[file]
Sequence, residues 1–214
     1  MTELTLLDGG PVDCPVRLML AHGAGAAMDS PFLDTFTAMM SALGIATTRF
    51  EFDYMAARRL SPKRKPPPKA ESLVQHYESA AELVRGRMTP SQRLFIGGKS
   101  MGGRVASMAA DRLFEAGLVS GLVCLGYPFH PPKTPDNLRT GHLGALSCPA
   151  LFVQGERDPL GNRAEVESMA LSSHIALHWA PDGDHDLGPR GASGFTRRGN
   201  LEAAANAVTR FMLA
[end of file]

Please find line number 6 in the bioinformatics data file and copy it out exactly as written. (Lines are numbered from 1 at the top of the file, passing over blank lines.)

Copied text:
   201  LEAAANAVTR FMLA